Sunday, June 14, 2015

My Religion and I

Let us start with the part that says 'I'. Because that is how God intended for us to be. I have been here forever. Religion came much much later.

I have my intellect. This intellect takes decisions based on how it has been trained. And these decisions form my personality. This personality becomes 'Me', and everything that is 'Mine' is formed through it.

While the original I is the same for each of us, there are manifestations of it which we live our lives through. Sadguru Sivananda Murthy garu says "I pick up a bit of Prakruthi with me each morning when I step into this world, so that I can function here". He is a master, so he can choose to pick up and drop the many impositions this world creates on us. Ordinary folks like us live lives viewing ourselves and the world through these images that we believe to be the truth, and die thus.

This post isn't about Vedanta; though one may call anything that takes us closer to the truth to be Vedanta. It is about the I and its interaction with religion (or atleast religion as we know it today).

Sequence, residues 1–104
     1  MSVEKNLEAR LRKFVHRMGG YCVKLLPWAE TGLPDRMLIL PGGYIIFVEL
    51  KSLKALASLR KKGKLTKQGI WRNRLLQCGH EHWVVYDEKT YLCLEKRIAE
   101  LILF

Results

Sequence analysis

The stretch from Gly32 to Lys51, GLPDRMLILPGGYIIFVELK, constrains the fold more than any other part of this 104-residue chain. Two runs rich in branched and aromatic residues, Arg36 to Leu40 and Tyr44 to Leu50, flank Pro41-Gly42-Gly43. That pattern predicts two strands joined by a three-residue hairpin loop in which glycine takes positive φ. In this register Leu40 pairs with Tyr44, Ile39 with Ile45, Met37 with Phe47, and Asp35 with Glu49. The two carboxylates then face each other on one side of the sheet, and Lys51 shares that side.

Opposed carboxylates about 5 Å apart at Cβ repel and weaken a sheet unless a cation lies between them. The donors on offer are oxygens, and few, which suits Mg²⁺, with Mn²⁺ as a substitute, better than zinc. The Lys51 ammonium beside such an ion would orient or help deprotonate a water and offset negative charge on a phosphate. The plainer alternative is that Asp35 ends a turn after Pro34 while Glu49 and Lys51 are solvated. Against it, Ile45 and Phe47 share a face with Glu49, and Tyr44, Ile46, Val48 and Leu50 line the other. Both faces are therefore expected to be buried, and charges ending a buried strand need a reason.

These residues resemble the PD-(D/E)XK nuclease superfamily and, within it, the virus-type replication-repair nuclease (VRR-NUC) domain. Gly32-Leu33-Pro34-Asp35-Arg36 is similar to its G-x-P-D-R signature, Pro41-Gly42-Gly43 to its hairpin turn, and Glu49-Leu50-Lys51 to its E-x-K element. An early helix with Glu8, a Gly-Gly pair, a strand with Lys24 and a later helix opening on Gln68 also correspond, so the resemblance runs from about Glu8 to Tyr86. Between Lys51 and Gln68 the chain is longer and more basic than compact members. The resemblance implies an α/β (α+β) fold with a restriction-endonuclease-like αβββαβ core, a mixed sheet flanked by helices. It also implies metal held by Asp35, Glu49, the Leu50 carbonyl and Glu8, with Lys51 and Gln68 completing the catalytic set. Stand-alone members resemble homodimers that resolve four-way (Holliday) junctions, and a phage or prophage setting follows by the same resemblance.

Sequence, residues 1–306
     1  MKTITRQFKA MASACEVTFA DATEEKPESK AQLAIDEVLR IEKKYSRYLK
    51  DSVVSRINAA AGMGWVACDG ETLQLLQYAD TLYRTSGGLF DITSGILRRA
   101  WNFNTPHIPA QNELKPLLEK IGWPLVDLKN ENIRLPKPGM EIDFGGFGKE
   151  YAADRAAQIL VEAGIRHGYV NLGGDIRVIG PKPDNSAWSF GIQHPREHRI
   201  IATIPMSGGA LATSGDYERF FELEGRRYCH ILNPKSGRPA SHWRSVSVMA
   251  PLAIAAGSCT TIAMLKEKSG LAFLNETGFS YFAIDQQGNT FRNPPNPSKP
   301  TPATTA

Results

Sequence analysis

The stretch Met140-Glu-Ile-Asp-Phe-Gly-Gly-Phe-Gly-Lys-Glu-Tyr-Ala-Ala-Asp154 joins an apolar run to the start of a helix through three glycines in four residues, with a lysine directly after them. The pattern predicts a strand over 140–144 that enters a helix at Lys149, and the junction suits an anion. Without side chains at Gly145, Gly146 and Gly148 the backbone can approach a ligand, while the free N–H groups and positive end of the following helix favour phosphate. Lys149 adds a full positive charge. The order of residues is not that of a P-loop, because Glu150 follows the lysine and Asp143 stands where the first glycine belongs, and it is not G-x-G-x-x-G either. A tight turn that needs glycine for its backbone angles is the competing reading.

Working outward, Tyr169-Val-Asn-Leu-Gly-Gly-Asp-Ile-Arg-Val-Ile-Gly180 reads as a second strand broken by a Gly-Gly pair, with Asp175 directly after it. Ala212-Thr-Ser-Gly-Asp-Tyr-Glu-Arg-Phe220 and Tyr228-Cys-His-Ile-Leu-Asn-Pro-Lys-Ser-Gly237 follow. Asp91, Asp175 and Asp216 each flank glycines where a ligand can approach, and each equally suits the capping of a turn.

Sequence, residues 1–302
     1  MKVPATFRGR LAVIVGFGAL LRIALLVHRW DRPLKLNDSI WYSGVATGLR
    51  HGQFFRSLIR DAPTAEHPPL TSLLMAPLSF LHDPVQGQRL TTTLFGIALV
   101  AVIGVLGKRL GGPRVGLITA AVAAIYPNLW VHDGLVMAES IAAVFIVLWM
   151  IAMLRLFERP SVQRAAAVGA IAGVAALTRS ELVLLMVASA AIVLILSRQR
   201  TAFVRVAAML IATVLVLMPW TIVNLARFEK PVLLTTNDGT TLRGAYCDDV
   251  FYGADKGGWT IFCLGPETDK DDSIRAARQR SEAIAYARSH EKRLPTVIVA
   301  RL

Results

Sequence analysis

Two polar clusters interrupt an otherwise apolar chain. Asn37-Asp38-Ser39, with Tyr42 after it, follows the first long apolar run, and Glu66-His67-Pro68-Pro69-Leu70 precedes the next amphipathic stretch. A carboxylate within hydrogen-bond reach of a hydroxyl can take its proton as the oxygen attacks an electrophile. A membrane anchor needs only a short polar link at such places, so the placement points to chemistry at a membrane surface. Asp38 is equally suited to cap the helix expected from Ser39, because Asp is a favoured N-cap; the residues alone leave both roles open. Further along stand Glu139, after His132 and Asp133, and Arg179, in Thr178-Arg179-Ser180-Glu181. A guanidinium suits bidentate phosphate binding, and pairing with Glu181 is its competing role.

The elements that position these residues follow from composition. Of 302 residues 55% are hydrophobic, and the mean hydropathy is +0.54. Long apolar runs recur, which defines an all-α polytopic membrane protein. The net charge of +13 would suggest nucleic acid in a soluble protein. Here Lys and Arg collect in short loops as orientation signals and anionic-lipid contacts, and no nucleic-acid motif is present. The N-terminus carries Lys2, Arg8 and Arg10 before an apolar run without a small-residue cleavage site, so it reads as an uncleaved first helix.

I'm no Psychologist. But anyone who observes human nature can break up the different people we see into personality silos. There are those of us who are teachers. Not teachers as a profession, but those who love to take a thought, dissect it, contemplate on it, and explain it in easier terms. That is what a teacher does. There are the followers. Followers don't analyze. They put all their belief in who they consider as a leader, and then onwards, the leaders' words become their guide. There are the doers. The karma yogis. For them, the purpose of coming onto Earth is to act. They are perennially in action, and it is through these people that the work of the world gets done. There are the radicals. Radicals who question everything irrespective of whether it is required of them or not, and they seldom believe in anything. New philosophies are expounded by the radicals, and it keeps adding to the thought stream of the world. There are the witnesses. Folks who are quite comfortable with their place in the world, and have no desire to disturb the harmony the world possesses in its natural state. They live their lives in peace.